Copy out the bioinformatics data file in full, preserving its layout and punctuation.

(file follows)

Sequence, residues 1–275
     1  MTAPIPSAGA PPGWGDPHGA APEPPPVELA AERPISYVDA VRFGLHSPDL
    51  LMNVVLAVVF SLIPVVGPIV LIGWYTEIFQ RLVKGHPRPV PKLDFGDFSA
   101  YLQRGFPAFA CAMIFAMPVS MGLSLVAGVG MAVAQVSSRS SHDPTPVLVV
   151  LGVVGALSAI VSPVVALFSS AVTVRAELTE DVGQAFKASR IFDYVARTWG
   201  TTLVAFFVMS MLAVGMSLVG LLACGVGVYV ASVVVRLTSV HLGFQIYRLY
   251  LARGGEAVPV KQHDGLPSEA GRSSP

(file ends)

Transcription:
Sequence, residues 1–275
     1  MTAPIPSAGA PPGWGDPHGA APEPPPVELA AERPISYVDA VRFGLHSPDL
    51  LMNVVLAVVF SLIPVVGPIV LIGWYTEIFQ RLVKGHPRPV PKLDFGDFSA
   101  YLQRGFPAFA CAMIFAMPVS MGLSLVAGVG MAVAQVSSRS SHDPTPVLVV
   151  LGVVGALSAI VSPVVALFSS AVTVRAELTE DVGQAFKASR IFDYVARTWG
   201  TTLVAFFVMS MLAVGMSLVG LLACGVGVYV ASVVVRLTSV HLGFQIYRLY
   251  LARGGEAVPV KQHDGLPSEA GRSSP